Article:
Does your family need a VPN?

Before I was familiar with VPNs, I used to think they were super specialized pieces of digital kit for hackers and dedicated torrenters - and sure, they certainly come in handy for those folks, but the truth is that anybody can use a VPN.

Does a family need a VPN?

In 2020, the average household had more than 9 internet-enabled devices, constantly being used to access emails, social media accounts, and all sorts of (potentially dodgy) websites. A VPN can remove some of the innate risk that comes with... well, just being on the internet, and make it a safer place for kids or teens who aren't as security-savvy. One VPN subscription can also unblock a ton of movies and shows in a few clicks!

Privacy

Visit the homepage of any VPN provider and you'll see that privacy is a focal selling point - and the best VPNs come with customizable tools to keep your family's connections secure, whether you're at home, on holiday, or on the commute.

👁‍🗨Conceal your IP address

All of your internet-enabled devices will have an IP address used to identify it online, and this IP address can give away some pertinent personal information - like what operating system you're using, the internet service provider (ISP) you're with, and even your browser.

A VPN assigns you a new IP address when you connect to a server. So, the sites you visit won't be able to determine your original one, and instead only see the IP address associated with the VPN - which you'll actually share with other users to further boost your privacy. As a result, you and the family will see fewer targeted ads, as it's much harder for sites to keep tabs on what you're all doing.

🔒Rely on encryption

Of course, the best way to stay secure on the net is with a VPN's encryption. Your VPN acts like a protective layer between you and the internet - first you connect to your VPN, then you connect to the net, and all via the VPN tunnel. Any data sent or received through this tunnel is encrypted, too, which basically means it'll be unreadable (and scrambled) if anyone decides to take a peek.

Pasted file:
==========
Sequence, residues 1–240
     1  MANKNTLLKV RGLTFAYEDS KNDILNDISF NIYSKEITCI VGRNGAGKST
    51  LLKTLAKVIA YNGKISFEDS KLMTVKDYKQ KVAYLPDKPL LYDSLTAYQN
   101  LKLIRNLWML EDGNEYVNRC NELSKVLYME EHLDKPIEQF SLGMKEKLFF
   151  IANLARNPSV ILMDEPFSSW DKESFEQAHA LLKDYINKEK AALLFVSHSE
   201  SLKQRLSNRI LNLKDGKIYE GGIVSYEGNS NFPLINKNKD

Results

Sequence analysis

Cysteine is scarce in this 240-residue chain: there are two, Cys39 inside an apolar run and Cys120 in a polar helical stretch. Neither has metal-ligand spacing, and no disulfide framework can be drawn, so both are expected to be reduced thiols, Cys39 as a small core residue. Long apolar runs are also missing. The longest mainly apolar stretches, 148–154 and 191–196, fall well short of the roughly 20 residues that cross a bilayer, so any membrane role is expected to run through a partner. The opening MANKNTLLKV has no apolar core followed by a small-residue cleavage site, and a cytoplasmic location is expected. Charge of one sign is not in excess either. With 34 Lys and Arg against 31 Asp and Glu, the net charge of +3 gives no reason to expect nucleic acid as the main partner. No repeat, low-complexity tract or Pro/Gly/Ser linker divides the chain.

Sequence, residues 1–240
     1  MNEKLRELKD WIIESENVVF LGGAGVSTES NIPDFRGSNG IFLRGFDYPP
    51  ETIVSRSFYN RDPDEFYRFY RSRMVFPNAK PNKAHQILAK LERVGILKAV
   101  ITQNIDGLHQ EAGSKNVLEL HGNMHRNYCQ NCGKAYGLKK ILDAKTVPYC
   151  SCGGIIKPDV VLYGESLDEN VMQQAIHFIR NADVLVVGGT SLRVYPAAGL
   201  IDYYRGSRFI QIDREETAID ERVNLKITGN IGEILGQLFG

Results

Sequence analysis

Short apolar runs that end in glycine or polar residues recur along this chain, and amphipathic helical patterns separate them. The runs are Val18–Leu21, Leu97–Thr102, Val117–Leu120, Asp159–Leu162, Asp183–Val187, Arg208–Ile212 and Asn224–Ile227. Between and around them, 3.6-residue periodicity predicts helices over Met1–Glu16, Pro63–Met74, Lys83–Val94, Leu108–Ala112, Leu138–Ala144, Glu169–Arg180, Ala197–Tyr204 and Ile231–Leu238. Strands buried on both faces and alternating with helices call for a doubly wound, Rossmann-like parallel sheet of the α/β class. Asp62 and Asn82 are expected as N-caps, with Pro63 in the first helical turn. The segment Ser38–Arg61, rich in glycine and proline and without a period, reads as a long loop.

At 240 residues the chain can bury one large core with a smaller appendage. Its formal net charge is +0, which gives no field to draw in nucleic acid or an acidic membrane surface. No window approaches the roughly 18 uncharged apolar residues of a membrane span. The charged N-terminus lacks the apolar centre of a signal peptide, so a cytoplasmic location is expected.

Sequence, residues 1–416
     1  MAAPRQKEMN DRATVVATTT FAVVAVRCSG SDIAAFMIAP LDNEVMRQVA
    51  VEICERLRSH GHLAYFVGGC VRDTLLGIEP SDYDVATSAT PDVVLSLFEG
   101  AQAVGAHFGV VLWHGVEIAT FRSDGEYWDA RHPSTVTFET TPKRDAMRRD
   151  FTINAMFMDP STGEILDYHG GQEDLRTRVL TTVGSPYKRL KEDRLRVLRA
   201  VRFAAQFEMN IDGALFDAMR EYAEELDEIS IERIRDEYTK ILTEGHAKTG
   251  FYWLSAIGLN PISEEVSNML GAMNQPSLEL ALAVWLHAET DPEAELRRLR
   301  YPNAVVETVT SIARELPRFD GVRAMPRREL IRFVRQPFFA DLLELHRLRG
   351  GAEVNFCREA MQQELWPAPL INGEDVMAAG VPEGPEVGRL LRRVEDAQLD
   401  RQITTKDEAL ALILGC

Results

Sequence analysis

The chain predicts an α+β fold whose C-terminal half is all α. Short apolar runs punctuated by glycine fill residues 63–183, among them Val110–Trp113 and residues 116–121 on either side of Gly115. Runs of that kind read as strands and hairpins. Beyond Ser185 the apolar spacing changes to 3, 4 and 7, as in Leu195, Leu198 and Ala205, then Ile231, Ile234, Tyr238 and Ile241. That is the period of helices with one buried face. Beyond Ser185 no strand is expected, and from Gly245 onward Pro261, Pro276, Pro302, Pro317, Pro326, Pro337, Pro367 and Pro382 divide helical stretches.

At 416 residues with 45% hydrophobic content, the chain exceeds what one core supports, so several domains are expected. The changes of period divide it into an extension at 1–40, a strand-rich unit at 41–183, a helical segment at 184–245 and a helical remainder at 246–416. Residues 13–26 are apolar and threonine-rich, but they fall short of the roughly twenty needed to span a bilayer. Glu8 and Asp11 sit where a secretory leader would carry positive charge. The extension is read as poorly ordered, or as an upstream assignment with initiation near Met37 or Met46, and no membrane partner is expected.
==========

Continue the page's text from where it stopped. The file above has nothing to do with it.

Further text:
No cyber-snoopers, no ISPs, and no governments will be able to log your online activity, though you might wonder why this is such a big deal if you and your family aren't running an illegal operation out of the home. What if you're just using the web to watch stuff and stay connected to friends and family? Well, it's about your right to digital privacy, and it's about being able to access the web as freely as was intended - minus all the prying eyes who might otherwise be monitoring your family's activity.

You'll see a lot of VPNs using AES-256 encryption, which is the same sort of encryption used by the US government to secure their most sensitive data. AES-256 encryption is pretty much impossible to breach with a brute force attack. It'd take ages to crack, and I mean ages - like literally millions of years!

🌎Stay safe using public WiFi

You'll often see long lists of "free" WiFi connections when you're out and about and eager to stay connected, but have you ever noticed that a shop or eatery has two available connections? It could be coincidence, or it could be the work of a cybercriminal - they just love making fake access points with convincing names, hoping that you won't suspect a thing.

Connecting to one of these hotspots is just a bad time all around. The cybercriminal could have access to your logins if you input them during your session, as well as other usernames and passwords. They'd also be able to see every site you visit and anything that you download.

That's not ideal - obviously - and grownups can have just as much trouble identifying these fake hotspots. If your family's devices are covered by a VPN's all-encompassing encryption, though, these threats are nullified before they can do any lasting damage.

Best VPNs for Families

Every single VPN really, really wants you to think that it's the only viable option - the best and most secure service - and that's rarely going to be the case. It's all subjective! I've listed the best VPNs for families below. A lot of VPNs use the same protocols and encryption, but some implement it all better, and some go the extra mile to keep you and your family safe - with audited no-logs claims or additional privacy features.

One of the most well-known, trusted, and recommended providers in the game - ExpressVPN back up the hype with reliable features

  • Pricing

    From  $6.67 - $12.95
  • Available on

    • Windows
    • macOS
    • iOS
    • Android
    • Linux
  • Unblocks

    • Netflix
    • iPlayer
    • Amazon Prime
    • Hulu

ExpressVPN knocks it out of the park when it comes to implementing robust security measures. It relies on standard AES-256 encryption with a RSA-384 handshake, and offers a choice of OpenVPN, L2TP/IPsec and IKEv2 protocols (amongst others) - as well as its own Lightway protocol, a lighter, faster alternative. ExpressVPN is a no-logs provider that's brought in a third-party to audit the claim, and being based in the British Virgin Islands means the service is under no obligation to retain your data.


The service handles all DNS requests on its own self-hosted servers, an automatic kill-switch prevents IP address leaks, and dedicated obfuscation servers are available for families battling censorship in China. You'll be able to install ExpressVPN on any device in the house, and the family can share up to five simultaneous connections.